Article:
[15] ‘Lex MachinaTM | LexisNexis’ <http://intl.lexisnexisip.com/products-services/intellectual-property-solutions/lexisnexis-lexmachina&gt; accessed 5 November 2017.

[16] de Souza (n. 7).

[17] Erin Winick, ‘Lawyer-Bots Are Shaking up Jobs’ (MIT Technology Review) <https://www.technologyreview.com/s/609556/lawyer-bots-are-shaking-up-jobs/&gt; accessed 16 February 2018.

[18] de Souza (n. 7).

[19] Jeff Larson Julia Angwin, ‘Machine Bias’ (ProPublica, 23 May 2016) <https://www.propublica.org/article/machine-bias-risk-assessments-in-criminal-sentencing&gt; accessed 16 February 2018.

[20] Julia Angwin Jeff Larson, ‘How We Analyzed the COMPAS Recidivism Algorithm’ (ProPublica, 23 May 2016) <https://www.propublica.org/article/how-we-analyzed-the-compas-recidivism-algorithm&gt; accessed 16 February 2018.

[21] ibid.

[22] Will Knight, ‘Google’s AI Chief Says Forget Elon Musk’s Killer Robots, and Worry about Bias in AI Systems Instead’ (MIT Technology Review) <https://www.technologyreview.com/s/608986/forget-killer-robotsbias-is-the-real-ai-danger/&gt; accessed 16 February 2018.

[23] Natasha Mitchell for Science Friction, ‘Alexa, Siri, Cortana: Our Virtual Assistants Say a Lot about Sexism’ (ABC News, 11 August 2017) <http://www.abc.net.au/news/2017-08-11/why-are-all-virtual-assisants-female-and-are-they-discriminatory/8784588&gt; accessed 16 February 2018.

[24] Ian Bogost, ‘Sorry, Alexa Is Not a Feminist’ [2018] The Atlantic <https://www.theatlantic.com/technology/archive/2018/01/sorry-alexa-is-not-a-feminist/551291/&gt; accessed 16 February 2018.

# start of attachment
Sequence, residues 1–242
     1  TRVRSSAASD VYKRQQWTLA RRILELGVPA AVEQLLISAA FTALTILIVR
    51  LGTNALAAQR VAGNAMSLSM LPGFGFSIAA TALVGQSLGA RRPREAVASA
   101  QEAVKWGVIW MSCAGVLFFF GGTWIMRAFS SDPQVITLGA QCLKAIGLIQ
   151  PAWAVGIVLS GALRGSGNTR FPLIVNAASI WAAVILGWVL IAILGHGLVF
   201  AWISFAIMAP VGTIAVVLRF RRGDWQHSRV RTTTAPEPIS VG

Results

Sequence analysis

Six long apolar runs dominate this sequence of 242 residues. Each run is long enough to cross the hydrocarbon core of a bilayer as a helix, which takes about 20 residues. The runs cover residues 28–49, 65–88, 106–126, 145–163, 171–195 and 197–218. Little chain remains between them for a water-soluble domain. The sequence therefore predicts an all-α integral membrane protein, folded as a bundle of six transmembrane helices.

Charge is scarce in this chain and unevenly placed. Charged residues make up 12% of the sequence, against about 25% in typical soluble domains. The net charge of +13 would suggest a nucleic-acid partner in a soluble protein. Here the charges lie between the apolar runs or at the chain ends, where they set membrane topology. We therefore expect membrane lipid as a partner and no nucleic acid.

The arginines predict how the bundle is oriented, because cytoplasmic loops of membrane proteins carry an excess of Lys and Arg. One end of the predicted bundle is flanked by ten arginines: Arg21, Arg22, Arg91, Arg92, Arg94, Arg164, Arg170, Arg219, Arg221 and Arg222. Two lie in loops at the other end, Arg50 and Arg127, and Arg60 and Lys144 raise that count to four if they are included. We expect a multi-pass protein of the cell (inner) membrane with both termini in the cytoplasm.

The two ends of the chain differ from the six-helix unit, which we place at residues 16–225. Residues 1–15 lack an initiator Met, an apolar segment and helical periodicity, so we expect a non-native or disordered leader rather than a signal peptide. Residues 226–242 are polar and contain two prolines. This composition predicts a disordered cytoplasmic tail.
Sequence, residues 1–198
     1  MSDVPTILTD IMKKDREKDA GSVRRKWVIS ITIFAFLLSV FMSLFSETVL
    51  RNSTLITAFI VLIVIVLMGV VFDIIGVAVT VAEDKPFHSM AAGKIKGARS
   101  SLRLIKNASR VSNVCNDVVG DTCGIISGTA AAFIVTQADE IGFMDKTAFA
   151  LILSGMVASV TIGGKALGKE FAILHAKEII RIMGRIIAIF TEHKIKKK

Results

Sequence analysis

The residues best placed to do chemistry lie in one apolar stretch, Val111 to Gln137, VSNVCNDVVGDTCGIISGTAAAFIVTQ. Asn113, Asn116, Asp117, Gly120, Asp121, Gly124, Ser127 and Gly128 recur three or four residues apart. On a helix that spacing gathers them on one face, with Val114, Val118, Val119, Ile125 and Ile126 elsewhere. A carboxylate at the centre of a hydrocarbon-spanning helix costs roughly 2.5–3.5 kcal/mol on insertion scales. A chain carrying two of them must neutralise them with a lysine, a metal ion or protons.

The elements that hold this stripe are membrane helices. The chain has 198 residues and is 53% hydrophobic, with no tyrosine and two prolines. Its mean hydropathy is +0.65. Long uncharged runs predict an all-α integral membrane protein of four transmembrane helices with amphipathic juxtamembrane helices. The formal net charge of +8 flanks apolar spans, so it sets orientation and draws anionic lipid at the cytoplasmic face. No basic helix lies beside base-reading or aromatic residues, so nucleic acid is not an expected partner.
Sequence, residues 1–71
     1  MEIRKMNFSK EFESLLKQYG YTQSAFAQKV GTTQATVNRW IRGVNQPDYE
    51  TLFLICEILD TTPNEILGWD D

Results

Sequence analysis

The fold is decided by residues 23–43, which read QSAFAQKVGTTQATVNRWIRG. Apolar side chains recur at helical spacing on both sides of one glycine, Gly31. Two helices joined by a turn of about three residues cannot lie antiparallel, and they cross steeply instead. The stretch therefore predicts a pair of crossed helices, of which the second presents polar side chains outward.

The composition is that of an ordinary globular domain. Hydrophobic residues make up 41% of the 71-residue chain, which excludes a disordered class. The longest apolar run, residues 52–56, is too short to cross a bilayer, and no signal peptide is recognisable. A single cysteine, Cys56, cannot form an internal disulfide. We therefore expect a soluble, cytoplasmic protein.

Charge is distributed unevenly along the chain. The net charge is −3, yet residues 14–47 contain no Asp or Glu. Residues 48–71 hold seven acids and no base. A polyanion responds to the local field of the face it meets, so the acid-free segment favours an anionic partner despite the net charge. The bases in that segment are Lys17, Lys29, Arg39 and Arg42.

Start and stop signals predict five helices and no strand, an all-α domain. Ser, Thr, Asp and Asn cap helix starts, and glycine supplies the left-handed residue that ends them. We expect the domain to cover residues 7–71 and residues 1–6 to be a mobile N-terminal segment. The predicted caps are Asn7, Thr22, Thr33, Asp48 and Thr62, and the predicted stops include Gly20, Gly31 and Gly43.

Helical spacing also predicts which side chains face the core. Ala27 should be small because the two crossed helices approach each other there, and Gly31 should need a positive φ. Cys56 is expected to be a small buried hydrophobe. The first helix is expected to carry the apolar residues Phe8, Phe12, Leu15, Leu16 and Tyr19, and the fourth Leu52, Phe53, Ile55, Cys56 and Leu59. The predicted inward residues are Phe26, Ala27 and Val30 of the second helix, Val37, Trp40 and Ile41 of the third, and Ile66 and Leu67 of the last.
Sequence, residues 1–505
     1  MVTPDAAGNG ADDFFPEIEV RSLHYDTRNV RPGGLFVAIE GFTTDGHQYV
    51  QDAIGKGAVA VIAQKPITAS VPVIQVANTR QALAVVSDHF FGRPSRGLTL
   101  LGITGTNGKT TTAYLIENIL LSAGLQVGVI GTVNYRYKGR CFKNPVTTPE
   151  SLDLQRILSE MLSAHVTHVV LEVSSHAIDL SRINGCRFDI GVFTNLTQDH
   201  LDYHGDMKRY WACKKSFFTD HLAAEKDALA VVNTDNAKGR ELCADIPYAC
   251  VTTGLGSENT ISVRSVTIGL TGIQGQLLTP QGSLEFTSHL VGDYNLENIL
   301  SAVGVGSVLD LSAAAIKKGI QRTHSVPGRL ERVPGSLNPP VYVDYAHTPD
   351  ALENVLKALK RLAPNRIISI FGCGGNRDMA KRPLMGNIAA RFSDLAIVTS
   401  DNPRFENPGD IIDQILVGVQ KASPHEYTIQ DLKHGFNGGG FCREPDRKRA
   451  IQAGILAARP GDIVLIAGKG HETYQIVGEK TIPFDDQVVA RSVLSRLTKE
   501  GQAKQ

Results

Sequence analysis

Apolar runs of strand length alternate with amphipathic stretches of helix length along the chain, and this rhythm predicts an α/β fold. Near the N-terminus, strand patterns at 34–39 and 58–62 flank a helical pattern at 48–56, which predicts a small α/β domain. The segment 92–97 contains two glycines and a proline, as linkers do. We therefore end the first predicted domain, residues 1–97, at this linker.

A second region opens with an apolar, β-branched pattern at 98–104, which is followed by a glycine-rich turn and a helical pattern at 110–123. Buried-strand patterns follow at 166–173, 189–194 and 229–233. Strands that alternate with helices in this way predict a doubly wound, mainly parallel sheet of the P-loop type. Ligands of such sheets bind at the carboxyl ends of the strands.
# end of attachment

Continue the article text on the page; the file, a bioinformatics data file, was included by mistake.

[25] Will Knight, ‘The Dark Secret at the Heart of AI – MIT Technology Review’ <https://www.technologyreview.com/s/604087/the-dark-secret-at-the-heart-of-ai/&gt; accessed 5 November 2017.

[26] Ariel Bleicher and Ariel Bleicher, ‘Demystifying the Black Box That Is AI’ (Scientific American) <https://www.scientificamerican.com/article/demystifying-the-black-box-that-is-ai/&gt; accessed 14 February 2018.

[27] Knight (n. 25).

[28] Reza Banakar and Max Travers, ‘Introduction to Theory and Method in Socio-Legal Research’ (Social Science Research Network 2005) SSRN Scholarly Paper ID 1511112 <https://papers.ssrn.com/abstract=1511112&gt; accessed 18 February 2018.

[29] Roger Cotterrell, ‘Why Must Legal Ideas Be Interpreted Sociologically?’ (1998) 25 Journal of Law and Society 171.

[30] Kriti Sharma, ‘Can We Keep Our Biases from Creeping into AI?’ (Harvard Business Review, 9 February 2018) <https://hbr.org/2018/02/can-we-keep-our-biases-from-creeping-into-ai&gt; accessed 16 February 2018.

[31] ‘Why AI Needs the Humanities’ <http://blog.nextit.com/popular/why-ai-needs-the-humanities/&gt; accessed 23 May 2018.

[32] Sharma (n. 30).

[33] ‘Thomson Reuters Analysis Reveals 484% Increase in New Legal Services Patents Globally’ (Thomson Reuters, 16 August 2017) <https://www.thomsonreuters.com/content/thomsonreuters/en/press-releases/2017/august/thomson-reuters-analysis-reveals-484-percent-increase-in-new-legal-services-patents-globally.html&gt; accessed 5 November 2017.

[34] ibid.

[35] ‘Artificial Intelligence Explodes: New Deal Activity Record For AI’ (n. 3).

[36] AF Winfield and others, ‘The Case for an Ethical Black Box’ in Yang Gao and Yang Gao (eds), Towards Autonomous Robot Systems (Springer 2017) <http://eprints.uwe.ac.uk/31760/&gt; accessed 18 February 2018.

[37] ibid.

[38] Jim Torresen, ‘A Review of Future and Ethical Perspectives of Robotics and AI’ (2018) 4 Frontiers in Robotics and AI <https://www.frontiersin.org/articles/10.3389/frobt.2017.00075/full#B13&gt; accessed 18 February 2018.